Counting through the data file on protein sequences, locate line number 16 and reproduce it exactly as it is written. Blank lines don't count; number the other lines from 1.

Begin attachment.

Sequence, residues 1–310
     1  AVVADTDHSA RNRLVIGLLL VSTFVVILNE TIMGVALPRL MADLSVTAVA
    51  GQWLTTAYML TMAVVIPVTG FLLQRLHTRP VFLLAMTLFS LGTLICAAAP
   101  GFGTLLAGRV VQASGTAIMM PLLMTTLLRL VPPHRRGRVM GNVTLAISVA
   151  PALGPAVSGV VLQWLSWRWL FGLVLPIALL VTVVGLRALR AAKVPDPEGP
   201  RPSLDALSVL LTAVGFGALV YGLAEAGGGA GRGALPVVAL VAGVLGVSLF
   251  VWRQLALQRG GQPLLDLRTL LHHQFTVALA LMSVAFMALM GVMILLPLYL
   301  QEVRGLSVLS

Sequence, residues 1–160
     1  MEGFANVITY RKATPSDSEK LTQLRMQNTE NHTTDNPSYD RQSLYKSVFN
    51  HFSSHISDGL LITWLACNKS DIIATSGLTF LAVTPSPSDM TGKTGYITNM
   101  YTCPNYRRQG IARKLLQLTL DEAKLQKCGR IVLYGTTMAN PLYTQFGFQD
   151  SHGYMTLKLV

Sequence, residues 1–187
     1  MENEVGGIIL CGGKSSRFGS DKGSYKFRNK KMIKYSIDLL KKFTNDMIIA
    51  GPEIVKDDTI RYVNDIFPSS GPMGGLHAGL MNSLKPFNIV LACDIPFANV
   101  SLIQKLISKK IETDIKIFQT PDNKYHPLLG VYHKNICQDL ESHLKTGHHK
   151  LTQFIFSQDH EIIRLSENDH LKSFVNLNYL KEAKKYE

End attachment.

    51  GPEIVKDDTI RYVNDIFPSS GPMGGLHAGL MNSLKPFNIV LACDIPFANV